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When you check the electrical system to see why a vehicle doesn't start there are several tests to perform that can be done with a regular multimeter, or VOM, as some know them.

Unless you pull the battery clamps and give them a good cleaning the
first step is to test the connections between the battery and the cables. This needs to be done static, with no load on the system, and loaded.

Place the red VOM lead on the + battery CLAMP, and the black lead on the - battery CLAMP. Read the voltage with the key "OFF", "ON", and cranking. If the reading is close to 12.5 with the key off it does NOT mean the battery is definitely good. There are more tests to be done before that answer is known. Turning the key to "ON" should drop the reading no more than 1 volt, and less is better. A reading drop from key "OFF" to key "ON" of more than 1 volt at this point is noteworthy, and warrants checking the battery to clamp connections again. .

Next step is to disconnect the distributor or coil. You need to be able to crank the engine for a moment in order to check the system further. Cranking the engine after disabling the ignition should not produce a reading below 9-10 volts if the starter system and battery are healthy. If the voltage doesn't drop much at all, but doesn't crank, it's because your starter isn't working for one or more of several possible reasons, so it can't draw down the battery. It doesn't mean the starter needs replacing yet!

If it drops below about 8 volts, you could have a bad starter, or a bad battery.
If the reading drops to almost zero and it basically quits cranking, place the VOM leads on the battery POSTS, red on +, black on -, same as before. Crank again and watch the reading. If the reading stays in the 8v, OR ABOVE range, double check the connections between the battery and clamps, cable to starter connection, and battery cable grounds at the engine and chassis.
If the reading drops to almost zero volts after clearing any connection problems, your battery is defective.

To check the charging system you first need a base voltage reading. Again, a good battery fully charged should read close to 12.5 volts, key "OFF". A properly charged battery with the engine running at higher than an idle should read 13 to 13.5 volts. If the battery voltage is low before you start the car, the alternator very well may be trying to charge it, and under charging conditions 14-14.5 volts is common, maybe more. Remember that if you just started the car you drew some of the power from the battery so it will be trying to recharge that draw for a short time, longer if longer cranking drew out more power.
If the voltage does not increase after starting the car, and actually goes down it doesn't necessarily mean the alternator is bad. (By the way, if there is no charge coming into the battery with the engine running, it should have a lower running voltage than "OFF" voltage.) The wire between the battery and the alt. may be bad, maybe a fuse is bad, maybe you didn't see that the belt is laying 5 miles back on the road. And lots more possible reasons.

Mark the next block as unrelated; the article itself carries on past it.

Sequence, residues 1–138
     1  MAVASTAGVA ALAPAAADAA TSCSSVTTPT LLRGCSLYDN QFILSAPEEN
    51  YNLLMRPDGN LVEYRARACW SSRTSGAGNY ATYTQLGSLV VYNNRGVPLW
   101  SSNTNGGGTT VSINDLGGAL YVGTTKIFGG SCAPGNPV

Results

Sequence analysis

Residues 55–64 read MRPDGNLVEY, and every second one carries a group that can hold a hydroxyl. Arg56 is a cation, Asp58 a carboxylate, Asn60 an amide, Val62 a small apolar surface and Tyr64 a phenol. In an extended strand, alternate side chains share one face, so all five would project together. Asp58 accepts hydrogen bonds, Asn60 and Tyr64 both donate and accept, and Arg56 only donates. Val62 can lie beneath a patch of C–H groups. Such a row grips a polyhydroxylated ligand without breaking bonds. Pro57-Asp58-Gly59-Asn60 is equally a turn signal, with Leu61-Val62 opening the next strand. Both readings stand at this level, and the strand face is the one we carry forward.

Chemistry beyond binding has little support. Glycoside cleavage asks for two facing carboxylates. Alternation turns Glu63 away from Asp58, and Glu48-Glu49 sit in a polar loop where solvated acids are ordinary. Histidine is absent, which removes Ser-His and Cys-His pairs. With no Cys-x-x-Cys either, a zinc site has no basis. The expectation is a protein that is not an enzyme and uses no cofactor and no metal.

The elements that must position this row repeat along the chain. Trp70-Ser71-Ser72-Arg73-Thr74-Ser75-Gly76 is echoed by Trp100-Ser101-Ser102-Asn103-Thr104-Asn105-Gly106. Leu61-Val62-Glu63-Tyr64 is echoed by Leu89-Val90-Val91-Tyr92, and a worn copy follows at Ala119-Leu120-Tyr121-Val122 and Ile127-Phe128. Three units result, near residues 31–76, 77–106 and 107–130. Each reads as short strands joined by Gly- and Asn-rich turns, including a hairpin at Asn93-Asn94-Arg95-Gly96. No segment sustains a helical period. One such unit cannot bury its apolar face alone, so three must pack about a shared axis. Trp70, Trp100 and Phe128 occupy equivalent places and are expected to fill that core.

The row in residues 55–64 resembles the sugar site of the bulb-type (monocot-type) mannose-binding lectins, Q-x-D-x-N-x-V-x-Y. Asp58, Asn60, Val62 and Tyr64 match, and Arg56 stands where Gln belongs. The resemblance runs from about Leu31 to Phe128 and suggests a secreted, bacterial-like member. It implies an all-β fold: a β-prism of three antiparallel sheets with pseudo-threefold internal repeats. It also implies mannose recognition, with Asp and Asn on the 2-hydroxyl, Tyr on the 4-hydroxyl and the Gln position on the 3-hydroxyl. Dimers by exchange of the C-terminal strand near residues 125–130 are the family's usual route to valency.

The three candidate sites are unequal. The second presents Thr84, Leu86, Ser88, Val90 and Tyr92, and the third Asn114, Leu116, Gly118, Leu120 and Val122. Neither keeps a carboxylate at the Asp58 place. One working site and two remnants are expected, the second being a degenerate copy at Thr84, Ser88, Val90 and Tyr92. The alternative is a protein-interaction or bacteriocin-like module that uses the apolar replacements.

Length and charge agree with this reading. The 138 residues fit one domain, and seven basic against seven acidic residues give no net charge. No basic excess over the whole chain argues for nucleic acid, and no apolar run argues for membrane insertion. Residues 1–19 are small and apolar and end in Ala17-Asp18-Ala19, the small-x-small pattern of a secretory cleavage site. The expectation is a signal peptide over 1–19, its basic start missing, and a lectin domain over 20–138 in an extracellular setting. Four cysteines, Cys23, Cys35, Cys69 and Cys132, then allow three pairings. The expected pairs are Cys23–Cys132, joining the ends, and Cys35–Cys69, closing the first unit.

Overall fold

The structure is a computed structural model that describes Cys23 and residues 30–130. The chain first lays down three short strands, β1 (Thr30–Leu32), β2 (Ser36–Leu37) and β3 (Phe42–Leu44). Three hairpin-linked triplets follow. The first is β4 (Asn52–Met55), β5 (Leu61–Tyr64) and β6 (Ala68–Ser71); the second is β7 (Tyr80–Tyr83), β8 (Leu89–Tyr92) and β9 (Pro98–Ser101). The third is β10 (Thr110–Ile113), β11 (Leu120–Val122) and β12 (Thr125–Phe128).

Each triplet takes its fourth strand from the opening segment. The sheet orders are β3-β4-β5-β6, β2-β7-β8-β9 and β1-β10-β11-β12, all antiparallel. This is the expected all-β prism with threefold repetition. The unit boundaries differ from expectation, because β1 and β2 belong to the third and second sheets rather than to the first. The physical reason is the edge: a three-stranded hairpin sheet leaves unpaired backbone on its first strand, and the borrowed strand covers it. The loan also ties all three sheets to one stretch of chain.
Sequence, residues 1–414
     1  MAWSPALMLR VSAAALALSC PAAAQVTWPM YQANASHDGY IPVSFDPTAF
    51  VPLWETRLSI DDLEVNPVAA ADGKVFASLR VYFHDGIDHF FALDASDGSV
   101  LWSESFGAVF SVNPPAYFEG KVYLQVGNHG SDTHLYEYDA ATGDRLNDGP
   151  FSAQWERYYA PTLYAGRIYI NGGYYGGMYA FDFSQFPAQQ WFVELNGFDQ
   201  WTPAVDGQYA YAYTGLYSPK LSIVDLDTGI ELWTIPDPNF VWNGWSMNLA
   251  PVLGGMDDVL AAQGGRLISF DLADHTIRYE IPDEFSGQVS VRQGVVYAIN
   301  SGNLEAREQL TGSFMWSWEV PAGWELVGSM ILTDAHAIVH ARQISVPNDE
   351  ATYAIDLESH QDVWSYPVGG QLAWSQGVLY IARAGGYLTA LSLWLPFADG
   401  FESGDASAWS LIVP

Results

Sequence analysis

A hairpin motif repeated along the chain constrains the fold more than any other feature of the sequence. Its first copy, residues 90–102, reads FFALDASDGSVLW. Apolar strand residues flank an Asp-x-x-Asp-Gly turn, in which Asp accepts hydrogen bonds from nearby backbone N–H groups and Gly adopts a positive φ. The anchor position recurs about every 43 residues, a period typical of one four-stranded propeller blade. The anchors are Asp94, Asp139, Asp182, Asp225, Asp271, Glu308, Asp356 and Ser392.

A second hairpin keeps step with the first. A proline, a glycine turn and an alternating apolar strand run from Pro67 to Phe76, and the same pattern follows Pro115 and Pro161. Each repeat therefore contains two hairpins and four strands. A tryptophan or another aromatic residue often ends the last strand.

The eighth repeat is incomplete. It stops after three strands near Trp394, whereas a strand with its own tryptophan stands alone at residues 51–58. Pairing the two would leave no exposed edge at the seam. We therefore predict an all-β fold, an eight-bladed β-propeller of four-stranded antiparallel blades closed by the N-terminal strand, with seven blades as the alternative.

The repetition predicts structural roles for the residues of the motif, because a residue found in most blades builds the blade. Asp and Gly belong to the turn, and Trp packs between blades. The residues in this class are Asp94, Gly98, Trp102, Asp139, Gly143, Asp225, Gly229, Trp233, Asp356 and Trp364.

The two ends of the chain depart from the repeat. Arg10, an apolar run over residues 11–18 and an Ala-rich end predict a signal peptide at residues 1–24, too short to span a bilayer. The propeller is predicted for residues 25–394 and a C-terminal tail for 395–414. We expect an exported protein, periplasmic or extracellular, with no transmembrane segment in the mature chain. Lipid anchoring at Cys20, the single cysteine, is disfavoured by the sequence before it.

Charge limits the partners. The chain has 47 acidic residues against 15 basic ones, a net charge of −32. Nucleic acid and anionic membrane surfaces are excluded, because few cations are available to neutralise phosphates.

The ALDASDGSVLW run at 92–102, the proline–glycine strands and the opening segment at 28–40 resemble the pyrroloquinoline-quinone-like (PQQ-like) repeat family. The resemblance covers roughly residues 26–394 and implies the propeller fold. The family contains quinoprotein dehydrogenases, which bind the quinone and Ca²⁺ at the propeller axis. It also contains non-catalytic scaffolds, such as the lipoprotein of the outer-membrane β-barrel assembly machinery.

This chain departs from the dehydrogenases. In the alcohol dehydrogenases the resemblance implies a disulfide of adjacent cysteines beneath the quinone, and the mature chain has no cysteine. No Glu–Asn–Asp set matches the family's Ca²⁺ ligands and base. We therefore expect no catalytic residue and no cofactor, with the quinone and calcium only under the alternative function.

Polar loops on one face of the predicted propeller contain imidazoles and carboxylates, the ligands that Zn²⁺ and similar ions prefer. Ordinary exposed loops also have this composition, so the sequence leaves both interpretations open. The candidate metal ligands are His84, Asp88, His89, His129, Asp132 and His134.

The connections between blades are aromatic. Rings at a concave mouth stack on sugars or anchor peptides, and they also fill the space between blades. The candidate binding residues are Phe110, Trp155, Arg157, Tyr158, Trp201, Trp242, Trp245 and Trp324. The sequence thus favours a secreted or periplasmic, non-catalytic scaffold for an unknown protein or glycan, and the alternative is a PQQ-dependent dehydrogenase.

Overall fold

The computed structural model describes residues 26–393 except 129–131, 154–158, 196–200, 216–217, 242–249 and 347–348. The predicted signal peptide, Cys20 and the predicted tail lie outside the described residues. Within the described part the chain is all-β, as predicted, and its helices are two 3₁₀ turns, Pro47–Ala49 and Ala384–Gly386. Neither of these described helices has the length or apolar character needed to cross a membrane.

One common method to check the charging system came from the old mechanical regulator days, when there were no diodes in the systems to burn out. That method being pulling the positive battery cable off the battery while the cars running to see if it dies. If it dies that means the alternator isn't working. If you're a gambler, go ahead and give this a try. You'll be betting the voltage spike from a charging alternator doesn't blow out the working regulator in our modern systems. I recommend you do NOT try this. LOTS of people get away with it. My money is on the safer test route, thank you.
 

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great knowledge. particularly useful in my current situation. thanks, loren.

why hasn't anyone commented or added to this awesomeness thus far?
 

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Thanks man! I had to try the old pulling the positive battery cable thing off a couple months ago. Luckily it didn't screw anything up, but my car wouldn't start after sitting for a while and a mechanic told me that it was the alternator. I tried pulling the cable and the car didn't die. I replaced the battery and haven't had any problems since. I know where NOT to take my car to now. :angry:
 

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from battery experience pov, using a vom usually checks on just the full state of the battery and not the cells that make up the battery...an actual battery tester (from midtronics or equivalent) will give you the voltage and conductance (how well it takes the charge) of the battery...also, wiring could also affect the performance of the battery as it will act like a load...make sure that there is good connection on the battery post...

i don't think there is a regulator on the alternator and i think that is why it the charging voltage is too high which a lot of batteries don't like...if it mentioned that it was temperature based then i would've bought the explanation...but then again i haven't dissected an alternator...


cheers...
 
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